Since the emergence of Bitcoin in 2009, the world of cryptocurrencies has seen explosive growth that has attracted the interest of investors worldwide. Parallel to the emergence of new currencies has been the establishment of a number of exchange platforms and ancillary services such as crypto wallets, cards and account management functionality.
The decentralized and online nature of the crypto market makes it particularly suitable for international expansion, resulting in a global crypto consumer base, with its own culture and language. With more players entering the market, including established financial brands, what should crypto scale-ups do to win international consumers?
Look beyond the usual markets for quick wins
When it comes to well-established international online industries such as retail, travel, hospitality and luxury goods, brands often prioritise entering mature. The US, UK, France, Germany, Canada and Japan are large markets composed of wealthy consumers who are accustomed to transacting online. Some of these markets are important crypto markets too, but they are also highly competitive to advertise and acquire new customers in.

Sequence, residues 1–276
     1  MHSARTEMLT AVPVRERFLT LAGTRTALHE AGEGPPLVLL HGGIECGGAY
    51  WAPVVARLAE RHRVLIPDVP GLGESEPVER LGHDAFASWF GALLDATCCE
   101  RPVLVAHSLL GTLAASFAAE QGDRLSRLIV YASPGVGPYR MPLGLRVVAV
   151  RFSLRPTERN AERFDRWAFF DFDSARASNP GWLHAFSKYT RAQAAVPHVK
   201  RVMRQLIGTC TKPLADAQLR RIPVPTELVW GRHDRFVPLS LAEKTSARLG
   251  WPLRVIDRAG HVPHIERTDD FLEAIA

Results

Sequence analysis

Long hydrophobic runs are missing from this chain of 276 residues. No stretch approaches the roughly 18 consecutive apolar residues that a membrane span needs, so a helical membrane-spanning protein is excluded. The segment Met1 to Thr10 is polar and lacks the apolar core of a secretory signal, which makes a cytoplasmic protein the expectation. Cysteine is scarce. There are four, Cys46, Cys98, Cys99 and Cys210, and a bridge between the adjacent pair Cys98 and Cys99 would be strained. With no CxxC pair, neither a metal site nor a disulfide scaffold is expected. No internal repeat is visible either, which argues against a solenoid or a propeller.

APAC is the second largest region in terms of cryptocurrency ownership, but it is dominated by China whose crackdown on crypto sent prices tumbling at the end of last year, banning all trading and mining in the country. This makes advertising crypto brands a challenge. Latin America, on the other hand, leads the world in crypto ownership and can be significantly less costly to advertise there.
Lastly, another region often overlooked when seeking quick wins, is the Nordics. In these smaller, but affluent and technologically advanced markets, traders are looking to make high returns. Sweden, Norway and Denmark all over-index in terms of Bitcoin trading vs population.
Gain trust with authentic local content
As crypto investing has grown in popularity, multiple articles have been written to introduce consumers to the new and growing terminology surrounding the industry. Crypto platforms seeking to expand internationally by outsourcing content creation need content providers to know their HODLs from their Merkle trees. Copywriters and translators need enough crypto knowledge to understand briefs and source content in English before they can produce engaging copy for local audiences that builds trust and supports conversion. The challenge of producing great content is further increased as different languages evolve to cope with the new influx of terminology. There are four main approaches that are becoming increasingly blended:
Keeping certain terms in English